To Really Be There

Really be there
Used with permission from Jen Lints Photography

Sometimes, I sit down to write and the words flow as free as water. But this time is different.

My friend Kara has been dancing in heaven for one year today. And I really miss her.

Kara was probably the most “friend-full” person I have ever encountered. She knew how to make people comfortable with her genuine care for others. She could sense a need before it was expressed. And she was a cherished friend to the many who knew her. Even throughout chemo, with all the people she had surrounding her, her life often looked like one big party. Her magnetic authenticity pulled people in, and kept them close.

Kara was there for me like she was for countless others. She was a mentor, and the most talented asker-of-questions. She was a friend who looked straight through the surface and cared about my heart. My fellow pastor’s wife, she understood the weight of truly being able to bear one another’s burdens. She was a safe person pointing me to the truth, reminding me what was real, and showing me what really mattered.

Kara knew how to wholly be there—all there—for her husband, her four children, her family, and her friends. She knew how to be there for her people. And cancer never stopped her.

Can I ask you something, mamas?

What would it look like if we were really “all there” for each other? What would the “mom club” feel like if we genuinely cared? If we showed up in the easy times and the hard? If we knew how to give grace to each other, and not just expect (or demand) to receive it?

Being a mom is the most rewarding and beautiful experience I can imagine. It is a gift I dreamed of as a little girl and one for which I am forever thankful. But being a mom is hard too. As if the lack of sleep, mountains of laundry, endless diaper changes, and screaming tantrums weren’t hard enough- we sit back and watch other moms smugly. We think in our hearts “I can’t believe she just said that to her toddler. I can’t believe she let her child act that way. I can’t believe she would actually feed her children that!” We get caught up in the mommy wars of comparison, judgement, and deprecation- just because we want to feel better about our own insecurities.

Here’s the beauty of grace: It asks for nothing in return. What if we loved other mamas simply because!? What if we dove into each other’s lives to drive those insecurities away? Or what if we actually sought to care for each other’s hearts? What if we were as concerned for the well-being of the moms doing life around us as we were for our own? What if we actually listened to each other instead of nodding silently while thinking of something else?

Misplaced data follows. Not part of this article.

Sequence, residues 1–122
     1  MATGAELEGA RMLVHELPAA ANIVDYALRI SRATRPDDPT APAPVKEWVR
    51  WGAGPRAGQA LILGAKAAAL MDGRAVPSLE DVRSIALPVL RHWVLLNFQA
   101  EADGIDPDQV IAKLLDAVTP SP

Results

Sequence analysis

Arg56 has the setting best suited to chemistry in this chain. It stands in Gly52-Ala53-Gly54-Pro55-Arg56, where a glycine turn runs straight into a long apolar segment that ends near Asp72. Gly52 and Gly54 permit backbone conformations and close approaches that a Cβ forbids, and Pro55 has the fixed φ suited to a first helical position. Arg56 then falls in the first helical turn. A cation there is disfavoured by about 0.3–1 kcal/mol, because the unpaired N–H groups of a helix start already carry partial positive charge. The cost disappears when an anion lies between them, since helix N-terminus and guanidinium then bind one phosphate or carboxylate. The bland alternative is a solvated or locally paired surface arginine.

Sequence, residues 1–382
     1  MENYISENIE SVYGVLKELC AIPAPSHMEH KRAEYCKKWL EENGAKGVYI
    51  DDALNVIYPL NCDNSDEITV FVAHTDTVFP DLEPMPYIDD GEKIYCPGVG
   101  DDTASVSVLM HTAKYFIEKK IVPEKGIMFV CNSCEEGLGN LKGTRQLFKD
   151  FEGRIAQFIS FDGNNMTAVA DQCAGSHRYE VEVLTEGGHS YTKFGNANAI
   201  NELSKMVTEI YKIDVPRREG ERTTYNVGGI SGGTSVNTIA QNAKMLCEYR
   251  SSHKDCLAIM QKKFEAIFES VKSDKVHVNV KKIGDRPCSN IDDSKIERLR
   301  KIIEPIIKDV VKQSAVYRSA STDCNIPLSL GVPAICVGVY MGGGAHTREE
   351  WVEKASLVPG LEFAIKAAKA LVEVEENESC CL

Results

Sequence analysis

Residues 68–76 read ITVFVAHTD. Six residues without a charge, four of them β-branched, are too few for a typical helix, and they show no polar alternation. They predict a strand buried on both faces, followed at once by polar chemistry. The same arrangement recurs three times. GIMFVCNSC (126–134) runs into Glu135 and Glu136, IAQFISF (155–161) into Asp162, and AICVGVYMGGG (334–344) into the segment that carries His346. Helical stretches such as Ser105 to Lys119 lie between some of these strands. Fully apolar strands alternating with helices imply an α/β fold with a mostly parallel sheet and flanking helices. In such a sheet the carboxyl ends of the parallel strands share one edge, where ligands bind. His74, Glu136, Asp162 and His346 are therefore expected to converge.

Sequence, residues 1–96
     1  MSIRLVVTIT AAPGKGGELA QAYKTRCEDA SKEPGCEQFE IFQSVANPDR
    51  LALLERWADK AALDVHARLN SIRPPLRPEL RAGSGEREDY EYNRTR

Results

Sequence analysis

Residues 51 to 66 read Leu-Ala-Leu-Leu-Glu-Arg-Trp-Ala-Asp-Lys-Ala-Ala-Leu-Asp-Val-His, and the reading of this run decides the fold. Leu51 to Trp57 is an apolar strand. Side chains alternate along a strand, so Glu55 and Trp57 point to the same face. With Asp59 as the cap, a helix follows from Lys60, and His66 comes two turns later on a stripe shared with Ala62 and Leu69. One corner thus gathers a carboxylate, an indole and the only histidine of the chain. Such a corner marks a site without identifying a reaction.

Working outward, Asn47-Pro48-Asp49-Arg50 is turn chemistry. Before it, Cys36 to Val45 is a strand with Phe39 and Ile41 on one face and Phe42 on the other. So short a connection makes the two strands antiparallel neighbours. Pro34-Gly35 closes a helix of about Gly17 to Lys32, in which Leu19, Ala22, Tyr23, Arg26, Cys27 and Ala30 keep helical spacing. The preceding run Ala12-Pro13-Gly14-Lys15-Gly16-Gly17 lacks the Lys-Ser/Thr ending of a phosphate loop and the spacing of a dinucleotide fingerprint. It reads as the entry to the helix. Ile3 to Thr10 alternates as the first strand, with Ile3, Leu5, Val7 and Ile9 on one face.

How would really being there change the way we love other people?

Kara wrote in one of her books, “Friends show up for each other. It may be some of the best work we do in our lives, being a friend.” Being a friend is so rewarding. Friendship means you don’t have to walk through miscarriages, failed marriages, and the trenches of motherhood alone.

And if you don’t have friends around you, take a deep breath and have courage. We all crave to be known by others. Just take a little step: make small talk with that mama at the park, strike up a conversation at the library, don’t stand in silence at school pick-up. Making friends isn’t so scary when you take it inch by inch. Venture out onto the two-way street of friendship.

Life is so much easier when people are really there for each other. You can step back, take a deep breath, and get through the good days, and the hard ones. And you can speak to people and your own children with kindness because you have received it yourself. You can care about others’ hearts, and in turn, they can care for yours. Love is kind. Love is felt when we are all there, ready and waiting to care for each other. Being all there will add unthinkable richness to life, so take the plunge.

Really be there for the mamas around you, and they will be there for you too.

You can learn more about Kara’s story on her blog, Mundane Faithfulness, which has been continued by her friends and family. She also wrote four books: The Hardest Peace, Just Show Up (co-authored by Jill Buteyn), And It Was Beautifuland Big Love.


  1. This right here: “Making friends isn’t so scary when you take it inch by inch. Venture out onto the two-way street of friendship.” Those are some wise, wise words, Nicole, in the most simple but profound way. And they move me to think about how I can *really* be there for the friends in my life.

    *Thank you* for this!

  2. This is the best thing I have read in a while. I want to be in the”mom club” you describe. Women and mothers, whether young or old, have so much to offer one another. We all possess gifts as well as fall short in areas. If we truly support one another it would create such a beautiful balance. I want that for my daughter. This is a beautiful post! I am sorry for the loss of your friend but happy for the warmth she left in your heart!

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